First, for reasons set out more fully in paragraphs 81 to 86 of Wählergruppe Gemeinsam, the fact that the meaning of ‘conditions of work’ as used in Article 48(2) of the EC Treaty (now, after amendment, Article 39(2) EC) has been clarified by Regulation No 1612/68, particularly the first paragraph of Article 8 thereof which refers specifically to trade-union and related rights, while such clarification is missing in relation to the bilateral agreements in question in no way means that the scope of the term used in those agreements is narrower than that of the term used in Article 39(2) EC and, hence, that it does not include the right of workers from the non-member States concerned to participate, on the same terms as domestic nationals, in elections to bodies that represent and defend employees’ interests.

52
Second, it is clear not only from the wording of the prohibition of discrimination with regard to conditions of work, which features in various agreements between the Community and non-member States and which is drafted in terms essentially identical to those of Article 39(2) EC, but also from a comparison of the context and the purpose of those agreements and of the EC Treaty that there is no reason to assign to that prohibition a scope other than that given by the Court to Article 48(2) of the EC Treaty (now, after amendment Article 39(2) EC) in ASTI I and ASTI II (see, by analogy, Wählergruppe Gemeinsam, paragraphs 88 and 89).

53
Moreover, the above interpretation is the only one consistent with the aim and broad logic of the agreements concerned, since granting workers who are nationals of the non-member States party to such agreements and who are legally employed in the territory of a Member State entitlement to the same conditions of work as those enjoyed by workers who are nationals of the Member States is an important step towards creating an appropriate framework for the gradual integration of those migrant workers in the host Member State (see, by analogy, Pokrzeptowicz-Meyer, paragraph 42, and Wählergruppe Gemeinsam, paragraph 79).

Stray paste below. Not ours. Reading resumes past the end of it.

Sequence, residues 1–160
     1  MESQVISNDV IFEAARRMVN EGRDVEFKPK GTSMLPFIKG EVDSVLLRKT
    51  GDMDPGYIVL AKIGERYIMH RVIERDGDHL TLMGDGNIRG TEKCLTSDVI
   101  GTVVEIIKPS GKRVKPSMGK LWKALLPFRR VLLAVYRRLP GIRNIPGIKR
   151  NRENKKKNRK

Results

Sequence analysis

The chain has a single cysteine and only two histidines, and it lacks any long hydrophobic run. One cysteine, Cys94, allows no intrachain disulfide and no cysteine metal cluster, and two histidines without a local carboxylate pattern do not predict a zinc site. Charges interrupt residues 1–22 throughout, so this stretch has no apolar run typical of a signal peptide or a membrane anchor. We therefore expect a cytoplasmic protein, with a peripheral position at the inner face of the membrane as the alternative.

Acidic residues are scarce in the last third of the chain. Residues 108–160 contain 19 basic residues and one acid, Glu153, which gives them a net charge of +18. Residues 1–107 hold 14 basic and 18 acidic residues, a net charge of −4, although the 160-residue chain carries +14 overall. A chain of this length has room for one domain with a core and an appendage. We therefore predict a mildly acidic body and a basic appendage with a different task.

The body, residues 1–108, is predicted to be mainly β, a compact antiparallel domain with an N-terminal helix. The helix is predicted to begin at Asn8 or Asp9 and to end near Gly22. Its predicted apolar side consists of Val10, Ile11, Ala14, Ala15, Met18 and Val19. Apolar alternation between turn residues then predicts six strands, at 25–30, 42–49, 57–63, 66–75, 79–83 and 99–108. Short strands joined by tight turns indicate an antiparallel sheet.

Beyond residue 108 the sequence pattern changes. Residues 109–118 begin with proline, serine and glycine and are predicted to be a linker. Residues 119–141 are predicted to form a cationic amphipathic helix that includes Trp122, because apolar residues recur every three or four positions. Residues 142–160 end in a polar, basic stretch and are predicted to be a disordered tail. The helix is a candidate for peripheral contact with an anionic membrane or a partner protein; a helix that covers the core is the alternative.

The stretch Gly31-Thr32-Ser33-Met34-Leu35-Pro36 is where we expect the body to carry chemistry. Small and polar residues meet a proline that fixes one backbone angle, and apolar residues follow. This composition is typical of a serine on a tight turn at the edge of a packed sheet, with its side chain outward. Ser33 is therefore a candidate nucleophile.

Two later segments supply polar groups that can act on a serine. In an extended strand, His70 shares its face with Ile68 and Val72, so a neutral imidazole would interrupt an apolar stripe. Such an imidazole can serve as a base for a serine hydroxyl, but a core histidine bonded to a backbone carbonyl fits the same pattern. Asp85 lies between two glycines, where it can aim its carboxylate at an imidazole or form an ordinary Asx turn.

54
In the light of those observations, the Commission’s second complaint must also be upheld.

55
The Commission’s entire action must therefore be considered well founded.

56
Accordingly, it must be held that

by denying workers who are nationals of other Member States of the European Union or the European Economic Area the right to stand for election to workers’ chambers, the Republic of Austria has failed to fulfil its obligations under Article 39 EC, Article 8 of Regulation No 1612/68, and Article 28 of the EEA Agreement;

by denying workers who are nationals of a non-member State with which the Community has concluded an agreement prohibiting discrimination, as regards conditions of work, against any such workers legally employed in a Member State, the right to stand for election to works councils and the general assemblies of workers’ and employees’ chambers, the Republic of Austria has failed to fulfil its obligations under those agreements.


Costs

57
Under Article 69(2) of the Rules of Procedure, the unsuccessful party is to be ordered to pay the costs if they have been applied for in the successful party’s pleadings. Since the Commission has applied for costs and the Republic of Austria has been unsuccessful, it must be ordered to pay the costs.

On those grounds, the Court (Second Chamber) hereby:

1.        Declares that:

2. Orders the Republic of Austria to pay the costs.

Signatures.


1
Language of the case: German.